As I mentioned yesterday, in anticipation of going into an office somewhat regularly, I decided to get a haircut. I wanted something between my usual Super Cuts and the mad expensive Bumble and Bumble of my previous life. I strolled down Hoboken peering in windows, trying to find a salon that struck my fancy.
I came across a gaggle of giggling guys lounging on a stoop, enjoying the warm air. I passed them by, too caught up in their laughter to fully realize they were in front of a salon. I back pedaled and paused in front of the door. The laughter quieted. “How do you guys feel about walk-ins?” I inquired.
A tall lanky blond answered, “Come on in.” I stepped over the jumble of lounging limbs and into the welcoming space. In typical Hoboken fashion, the floors were wood and the walls exposed brick. A row of giant mirrors echoed along one wall of the long, narrow room. Red velvet pillows crowded the window seat and soft Venezuelan house music quietly clumped through the speakers.
A beautifully tanned man followed me inside. He ruffled his short mohawk and smiled, motioning towards a chair near the back of the space. I dutifully followed behind him, mesmerized that I’d actually met a person willing to wear a neon green tank top outside of an 80’s dance party. The retina singeing shirt was paired with white denim shorts and flip flops. I was starting to have second thoughts about putting my hair in his hands.
Then he spoke. “Have a seat.” I blinked, dumbfounded, as he whipped out another dazzling smile.
His voice was amazing – smooth and thick like honey, but deeper and darker, more like molasses. His tone wrapped me in a warm cocoon of comfort and I immediately relaxed. “What are we doing today?” he rumbled as he fingered my limp, greasy strands.
“Whatever you tell me to, honestly. I’m half trying to grow it out, half relatively ok with the short flippy stuff, and wholly sure it needs some fixing.” He looked at me quizzically, blinking his dark wide eyes. “I just want it to look intentional, like an actual style. It’s coming in a little funny and this spot is still really thin. So I need tricks to cover that up.” His eyes widened slightly, eyebrows raised. Nervous, the words spilled out, “…from the chemo.”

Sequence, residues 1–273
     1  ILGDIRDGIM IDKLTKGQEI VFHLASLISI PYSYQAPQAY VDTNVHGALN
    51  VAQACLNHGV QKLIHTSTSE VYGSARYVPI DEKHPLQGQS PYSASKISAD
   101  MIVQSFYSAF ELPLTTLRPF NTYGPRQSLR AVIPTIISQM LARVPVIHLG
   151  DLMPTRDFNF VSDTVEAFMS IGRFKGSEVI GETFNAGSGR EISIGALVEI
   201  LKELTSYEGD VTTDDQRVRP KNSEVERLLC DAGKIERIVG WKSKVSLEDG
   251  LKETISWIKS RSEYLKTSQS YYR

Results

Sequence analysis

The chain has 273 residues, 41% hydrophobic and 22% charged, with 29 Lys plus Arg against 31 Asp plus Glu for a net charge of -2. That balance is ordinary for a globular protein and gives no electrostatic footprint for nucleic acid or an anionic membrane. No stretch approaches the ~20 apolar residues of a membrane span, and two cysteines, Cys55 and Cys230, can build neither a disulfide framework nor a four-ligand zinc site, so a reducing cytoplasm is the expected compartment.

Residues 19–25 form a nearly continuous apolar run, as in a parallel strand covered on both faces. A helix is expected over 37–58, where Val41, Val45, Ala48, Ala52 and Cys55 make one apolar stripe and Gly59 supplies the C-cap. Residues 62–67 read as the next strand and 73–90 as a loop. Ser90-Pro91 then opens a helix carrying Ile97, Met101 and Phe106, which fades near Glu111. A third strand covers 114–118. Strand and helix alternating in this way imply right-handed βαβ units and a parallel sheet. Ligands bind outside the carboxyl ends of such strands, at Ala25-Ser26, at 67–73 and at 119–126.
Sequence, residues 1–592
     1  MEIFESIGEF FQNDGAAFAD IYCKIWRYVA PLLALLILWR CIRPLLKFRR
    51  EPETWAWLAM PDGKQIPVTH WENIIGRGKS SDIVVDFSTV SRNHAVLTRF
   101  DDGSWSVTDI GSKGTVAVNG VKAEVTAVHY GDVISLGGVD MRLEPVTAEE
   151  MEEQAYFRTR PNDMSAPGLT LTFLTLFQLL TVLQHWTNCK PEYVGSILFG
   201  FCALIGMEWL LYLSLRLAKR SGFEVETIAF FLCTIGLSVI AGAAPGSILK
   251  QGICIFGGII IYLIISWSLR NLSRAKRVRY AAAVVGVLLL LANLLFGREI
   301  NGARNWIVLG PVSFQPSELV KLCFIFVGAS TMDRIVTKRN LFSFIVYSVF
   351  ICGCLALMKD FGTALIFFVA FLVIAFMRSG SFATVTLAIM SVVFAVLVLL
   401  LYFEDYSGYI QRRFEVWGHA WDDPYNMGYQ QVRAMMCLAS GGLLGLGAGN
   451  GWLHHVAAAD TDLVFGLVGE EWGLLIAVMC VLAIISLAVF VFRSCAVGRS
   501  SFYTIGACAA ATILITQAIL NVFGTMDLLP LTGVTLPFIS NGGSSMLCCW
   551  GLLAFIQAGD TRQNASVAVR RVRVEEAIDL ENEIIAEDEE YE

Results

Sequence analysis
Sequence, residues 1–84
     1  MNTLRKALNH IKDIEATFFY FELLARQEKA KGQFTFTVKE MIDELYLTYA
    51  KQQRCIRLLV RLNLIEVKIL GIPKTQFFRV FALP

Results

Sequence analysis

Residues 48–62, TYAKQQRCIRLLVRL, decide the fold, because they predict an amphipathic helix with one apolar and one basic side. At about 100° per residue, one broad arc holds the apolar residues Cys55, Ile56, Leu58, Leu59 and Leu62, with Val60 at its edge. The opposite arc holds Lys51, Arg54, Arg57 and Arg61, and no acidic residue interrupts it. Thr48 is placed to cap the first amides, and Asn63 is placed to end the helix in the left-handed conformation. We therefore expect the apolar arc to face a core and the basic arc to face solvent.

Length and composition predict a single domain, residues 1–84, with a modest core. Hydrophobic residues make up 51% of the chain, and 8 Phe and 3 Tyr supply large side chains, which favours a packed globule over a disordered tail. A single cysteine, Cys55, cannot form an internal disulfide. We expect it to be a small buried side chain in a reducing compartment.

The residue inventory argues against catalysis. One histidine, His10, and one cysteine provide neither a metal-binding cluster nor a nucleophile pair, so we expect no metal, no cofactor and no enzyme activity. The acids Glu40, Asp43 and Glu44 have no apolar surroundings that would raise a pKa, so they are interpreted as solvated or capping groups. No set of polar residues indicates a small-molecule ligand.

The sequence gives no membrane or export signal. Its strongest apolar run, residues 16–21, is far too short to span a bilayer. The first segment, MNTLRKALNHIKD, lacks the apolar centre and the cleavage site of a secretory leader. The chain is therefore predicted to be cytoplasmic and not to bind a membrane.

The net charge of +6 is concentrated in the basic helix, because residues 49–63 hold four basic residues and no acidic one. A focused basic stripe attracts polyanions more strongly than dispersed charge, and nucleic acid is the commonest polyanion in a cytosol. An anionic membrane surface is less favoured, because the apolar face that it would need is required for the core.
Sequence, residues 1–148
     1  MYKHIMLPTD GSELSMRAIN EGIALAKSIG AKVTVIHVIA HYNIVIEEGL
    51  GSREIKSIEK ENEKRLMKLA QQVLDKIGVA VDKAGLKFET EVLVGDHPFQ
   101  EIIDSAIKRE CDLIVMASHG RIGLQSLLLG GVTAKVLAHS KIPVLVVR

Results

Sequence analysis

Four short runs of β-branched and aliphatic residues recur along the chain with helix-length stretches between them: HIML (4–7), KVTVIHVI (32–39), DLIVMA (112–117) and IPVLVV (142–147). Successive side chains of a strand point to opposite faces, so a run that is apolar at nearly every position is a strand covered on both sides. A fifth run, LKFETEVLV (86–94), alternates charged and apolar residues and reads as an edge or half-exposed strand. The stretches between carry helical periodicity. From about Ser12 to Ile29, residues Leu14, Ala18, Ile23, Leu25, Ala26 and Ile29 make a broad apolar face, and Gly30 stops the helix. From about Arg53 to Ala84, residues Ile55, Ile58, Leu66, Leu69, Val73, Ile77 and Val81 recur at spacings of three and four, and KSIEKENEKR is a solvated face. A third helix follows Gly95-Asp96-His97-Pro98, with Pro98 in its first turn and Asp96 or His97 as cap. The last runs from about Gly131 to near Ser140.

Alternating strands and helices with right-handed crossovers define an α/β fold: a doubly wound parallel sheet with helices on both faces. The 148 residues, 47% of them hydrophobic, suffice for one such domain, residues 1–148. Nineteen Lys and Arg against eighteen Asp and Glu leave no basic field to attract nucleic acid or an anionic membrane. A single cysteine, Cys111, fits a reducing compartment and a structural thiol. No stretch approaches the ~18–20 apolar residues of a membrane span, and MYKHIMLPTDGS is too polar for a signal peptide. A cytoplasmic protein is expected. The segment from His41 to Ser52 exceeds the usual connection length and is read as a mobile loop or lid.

He dropped his eyes briefly and fiddled with a comb. “Well, I kinda like what you’ve got going on. Let’s add some layers, shorten these bangs, and make the back a little wispier. Sound good?” I nodded, relieved.
He spun my chair to face him and leaned in closer. I noticed he had cut a notch in the neck of his tank top. As his torso moved towards me, a tiny square pendant swung forward from behind the neon fabric. An unblinking, technicolor Virgin Mary sparkled brightly, as she gently swayed on the silver chain. “Let’s get that mess washed,” he murmured.
As he lathered me up, he quietly asked, “So how are you?” I looked at him, weighing his words. Avoiding my eyes he continued, “Your health, I mean…are you…ok now?”
I quickly answered, “Oh yes! I’m fine. Totally fine. Feeling great. Just fine.” Why oh why did I mention the chemo thing?
“He turned the water off as he applied some new elixir to my scalp. “My sister’s hair came back in really thick and curly.” He smiled reassuringly.
“Well that must have been nice,” I responded thoughtlessly. Instantly I regretted my words and stammered, “The thick hair part – not the cancer part, obviously. I’m sorry.”
He patted my head as he turned the water back on. “I know what you meant. It’s ok.”
We sat in silence as he rinsed my head. He fingered a few wet strands and shook his head. “What do you use at home?” he asked with slight scorn in his voice.
“Um. I think it’s CVS brand dandruff shampoo,” I answered sheepishly. He gave me a stern look. “I know, I know,” I muttered. He slapped on yet another round of conditioner on my hair.
As he gently rinsed the pomegranate scented concoction from my hair, careful to direct the spray away from my ears with the back of his soft hand, I quietly asked, “And your sister? How is she? Is she still ok?”
He turned off the water and fumbled above my head for a towel. Avoiding my eyes he answered softly. “No, she passed.” He lifted my neck tenderly and wrapped the blood red towel around my head.
We locked eyes. “I’m Elly, by the way.” I slowly extended my hand.
He grasped my hand in his, a slight smile on his tanned face. “I’m Gabriel.”